Taos Talking Picture Festival, 1998
What sounds more enticing than a long weekend film festival in Taos, New Mexico? But no one imagined for the Taos Talking Picture Festival an unseasonal blizzard, which, for two grim days, transformed the sunsoaked adobe village into igloo-town. In fact, Taos matched depressingly the snowed-in northern New Hampshire visible in Paul Schrader's adept rendition of the 1989 Russell Banks novel, Affliction. The Nick Nolte-starring film, which will be released this October, was probably the biggest coup for the Taos Fest, just in its fourth year.
"This is a very faithful adaptation of the novel," said screenwriter-director Schrader, introducing the showing. Long ago, he'd thumbed through Affliction in a book store, immediately awestruck by the opening line, "This is the story of my older brother's strange criminal behavior and of his disappearance." That's the voice-over beginning of the film.
Nolte, who is wonderful, had signed on from the beginning to play Wade, the cursed-by-life schnook protagonist.But Affliction only got made when Nolte finally agreed to come way down on his Hollywood acting price for the chancy project, and when shooting was switched to rural Quebec for the low Canadian dollar.
"What advice would you give a young screenwriter?" someone asked Schrader. "Spend the first five years of your career networking," said the screenplay author of Taxi Driver. "If that's too humiliating, quit and become a real writer."
Schrader, the dark-and-difficult cineaste of Blue Collar, Comfort of Strangers, Patty Hearst, Hardcore, was also lured to Taos to receive the 1998 Howard Hawks Storytelling Award, named for the filmmaker of Bringing Up Baby and The Big Sleep. I was honored to write the program note for the Award, and said in part about Schrader, "No other significant American filmmaker has never sold out. Not once. Schrader's simply incapable of Pollyannaism, of consorting with John Grisham, of going soft with Robin Williams, of making one for the studio, one for himself. They're all for himself."
What's unique about the Taos Fest is its avowed multiculturalism, especially its commitment to forwarding Native American cinema.There was a tribute to a Vancouver-based native filmmaker, Loretta Todd, who unveiled Today is a Good Day, a bio of the late Cree actor, Chief Dan George, star of Little Big Man. The most popular showing at Taos was Chris Eyre's Smoke Signals, an enormously moving Native American road movie about two young Couer d'Alene natives, Victor and Thomas, who leave their Idaho reservation for Arizona to recover the dead body of Victor's father.
Taos was good enough for D.H. Lawrence, for nearby flying saucers landings, and for Dennis Hopper to shoot some of, and edit, Easy Rider. But this Northern New Mexico village is surely hicksville for Smoke Signals's distributor, Miramax. In another Fest coup, mighty Miramax was leaned on by the native cast and crew to allow a two-showing sneak in Taos of its precious June release. Happily, the Fest chose Eyre for its coveted Land Grant Award, a nonpareil annual festival prize to a filmmaker of five acres of prime desert land on Taos Mesa, near the spectacular Rio Grande gorge.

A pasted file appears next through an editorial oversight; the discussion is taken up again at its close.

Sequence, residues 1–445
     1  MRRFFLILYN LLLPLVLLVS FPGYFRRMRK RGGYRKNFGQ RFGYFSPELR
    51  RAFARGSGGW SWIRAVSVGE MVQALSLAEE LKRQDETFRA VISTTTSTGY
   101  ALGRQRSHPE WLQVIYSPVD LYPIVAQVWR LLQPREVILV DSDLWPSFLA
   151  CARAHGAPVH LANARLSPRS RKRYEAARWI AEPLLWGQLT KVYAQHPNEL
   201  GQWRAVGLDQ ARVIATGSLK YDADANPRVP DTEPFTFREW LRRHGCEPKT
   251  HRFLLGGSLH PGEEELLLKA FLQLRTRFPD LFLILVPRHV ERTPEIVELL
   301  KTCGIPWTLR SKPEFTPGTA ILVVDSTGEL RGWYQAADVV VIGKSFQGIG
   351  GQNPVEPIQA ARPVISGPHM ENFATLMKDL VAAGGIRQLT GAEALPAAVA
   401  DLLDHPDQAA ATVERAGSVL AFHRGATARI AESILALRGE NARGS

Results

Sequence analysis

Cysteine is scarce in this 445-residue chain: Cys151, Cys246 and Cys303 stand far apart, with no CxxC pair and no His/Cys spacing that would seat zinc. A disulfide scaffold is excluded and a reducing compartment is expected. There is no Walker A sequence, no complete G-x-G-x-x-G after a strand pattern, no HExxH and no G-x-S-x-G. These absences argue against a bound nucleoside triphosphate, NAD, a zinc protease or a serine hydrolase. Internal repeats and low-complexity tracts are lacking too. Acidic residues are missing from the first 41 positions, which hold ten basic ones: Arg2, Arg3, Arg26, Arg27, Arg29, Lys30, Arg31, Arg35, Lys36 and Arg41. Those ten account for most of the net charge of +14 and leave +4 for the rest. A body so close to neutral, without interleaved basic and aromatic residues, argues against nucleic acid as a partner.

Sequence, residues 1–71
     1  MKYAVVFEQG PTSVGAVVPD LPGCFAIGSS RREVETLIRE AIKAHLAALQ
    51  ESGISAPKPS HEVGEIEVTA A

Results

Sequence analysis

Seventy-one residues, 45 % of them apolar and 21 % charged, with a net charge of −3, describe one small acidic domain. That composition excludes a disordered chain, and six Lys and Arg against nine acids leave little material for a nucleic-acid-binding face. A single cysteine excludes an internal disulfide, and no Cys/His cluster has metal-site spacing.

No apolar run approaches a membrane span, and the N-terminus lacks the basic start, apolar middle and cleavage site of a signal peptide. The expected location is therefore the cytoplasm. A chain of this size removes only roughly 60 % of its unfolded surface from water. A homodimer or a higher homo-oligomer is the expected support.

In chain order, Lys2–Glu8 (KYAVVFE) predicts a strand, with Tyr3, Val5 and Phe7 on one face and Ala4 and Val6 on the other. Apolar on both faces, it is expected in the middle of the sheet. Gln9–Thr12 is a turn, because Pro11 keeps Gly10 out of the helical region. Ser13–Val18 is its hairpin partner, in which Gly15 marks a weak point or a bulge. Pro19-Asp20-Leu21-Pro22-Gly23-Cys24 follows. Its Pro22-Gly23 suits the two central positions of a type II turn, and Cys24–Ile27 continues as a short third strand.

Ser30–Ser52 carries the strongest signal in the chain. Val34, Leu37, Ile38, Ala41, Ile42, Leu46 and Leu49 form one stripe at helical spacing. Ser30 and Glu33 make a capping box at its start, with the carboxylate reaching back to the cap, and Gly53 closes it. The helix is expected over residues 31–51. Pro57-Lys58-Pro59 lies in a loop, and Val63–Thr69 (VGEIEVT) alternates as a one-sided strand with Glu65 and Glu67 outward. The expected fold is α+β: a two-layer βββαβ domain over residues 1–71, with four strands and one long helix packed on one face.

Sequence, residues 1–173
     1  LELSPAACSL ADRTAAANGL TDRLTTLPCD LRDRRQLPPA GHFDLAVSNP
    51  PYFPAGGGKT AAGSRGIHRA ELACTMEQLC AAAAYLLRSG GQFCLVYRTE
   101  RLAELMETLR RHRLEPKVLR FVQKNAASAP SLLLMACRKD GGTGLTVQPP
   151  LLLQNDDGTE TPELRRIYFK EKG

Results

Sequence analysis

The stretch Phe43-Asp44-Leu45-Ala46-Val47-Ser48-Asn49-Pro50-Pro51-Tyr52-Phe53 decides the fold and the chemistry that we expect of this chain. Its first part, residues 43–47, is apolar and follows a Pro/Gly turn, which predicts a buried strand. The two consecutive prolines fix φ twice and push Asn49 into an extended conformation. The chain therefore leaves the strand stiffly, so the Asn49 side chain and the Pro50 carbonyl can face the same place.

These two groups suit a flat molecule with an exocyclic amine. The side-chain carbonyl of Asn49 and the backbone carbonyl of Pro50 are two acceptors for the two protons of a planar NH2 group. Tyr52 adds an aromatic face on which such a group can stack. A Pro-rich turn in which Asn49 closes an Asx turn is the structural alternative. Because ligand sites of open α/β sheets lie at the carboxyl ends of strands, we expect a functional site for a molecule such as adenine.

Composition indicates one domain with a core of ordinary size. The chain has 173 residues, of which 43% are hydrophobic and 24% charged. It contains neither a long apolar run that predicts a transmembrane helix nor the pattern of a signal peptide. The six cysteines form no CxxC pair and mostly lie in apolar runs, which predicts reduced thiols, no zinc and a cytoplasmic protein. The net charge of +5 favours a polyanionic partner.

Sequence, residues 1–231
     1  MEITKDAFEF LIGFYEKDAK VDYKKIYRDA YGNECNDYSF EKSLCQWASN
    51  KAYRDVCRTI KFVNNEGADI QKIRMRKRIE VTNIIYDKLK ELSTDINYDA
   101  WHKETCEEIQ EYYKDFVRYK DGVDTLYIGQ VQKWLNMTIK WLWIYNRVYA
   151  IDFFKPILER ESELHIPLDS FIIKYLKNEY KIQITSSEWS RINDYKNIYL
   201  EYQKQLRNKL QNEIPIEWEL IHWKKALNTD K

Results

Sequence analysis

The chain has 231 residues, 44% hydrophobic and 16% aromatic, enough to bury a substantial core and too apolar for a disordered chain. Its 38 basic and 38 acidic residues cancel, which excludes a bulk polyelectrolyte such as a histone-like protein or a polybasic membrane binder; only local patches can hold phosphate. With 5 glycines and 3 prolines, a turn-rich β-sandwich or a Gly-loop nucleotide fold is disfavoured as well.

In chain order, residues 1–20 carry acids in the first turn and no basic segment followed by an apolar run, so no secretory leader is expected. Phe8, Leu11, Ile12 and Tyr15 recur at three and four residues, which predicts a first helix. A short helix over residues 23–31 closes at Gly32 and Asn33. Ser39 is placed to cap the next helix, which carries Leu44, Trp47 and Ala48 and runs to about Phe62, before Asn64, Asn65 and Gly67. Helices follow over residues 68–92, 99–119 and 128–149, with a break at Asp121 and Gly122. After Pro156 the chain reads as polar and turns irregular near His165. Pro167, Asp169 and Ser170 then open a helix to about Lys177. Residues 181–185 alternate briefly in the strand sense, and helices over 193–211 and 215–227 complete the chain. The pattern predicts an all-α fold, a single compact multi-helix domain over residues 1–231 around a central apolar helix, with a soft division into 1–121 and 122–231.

"Chris has a pressing engagement out on the Mesa," Smoke Signals actor, Gary Farmer, explained of the missing filmmaker at a screening."He'll be your new neighbor in Taos." Farmer joked, " We Natives are trying to convince him to turn into a reservation, where we all can live."
The friendly, accessible Taos Fest occurs just long enough after Sundance that it can be a discovery ground for a new batch of American independents, including mistaken Sundance rejects. Journalists and distributors take note! I was especially taken by Vermonter Jay Craven's A Stranger in the Kingdom, a dense, complicated, ambitiously acted regional drama about racism in rural New England, and Juliane Glantz's black comedy debut feature, Wilbur Falls.
Glantz, a Western Mass. native, wrote Wilbur Falls at 20, directed it at 21, as she graduated from film school at USC. She's now 23, with a husband and a baby, and she's that precocious young talent whom producers should rush to: Wilbur Falls, frothing with energy, ideas, and directorial imagination, is a genuine calling-card movie: she's ready!
Wilbur Falls was inspired by Glantz's informing Californians about life back home in Becket, population 1500. She told me, "I lived up the street from an axe murderer, the pizza parlor was in someone's basement, you bought milk from the local policeman." In 1997, she took her script to the Sundance Festival and stopped everyone there with her pitch: "It's a dark comedy set in Massachusetts, where I'm from, about a girl in high school who seeks revenge on this jock and accidentally kills him."
She snuck into a Sundance foot-massage party (!), met a producer there who said, "Yes," then turned out shaky. Wilbur Falls was taken over by Las Vegas investor David Delman, who bankrolled it himself. Glantz shot it in, and around, Becket. A Massachusetts miracle.
Glantz's next project? A film based on the love letters of Nathanael Hawthorne and Herman Melville!
(Boston Phoenix, April, 1998)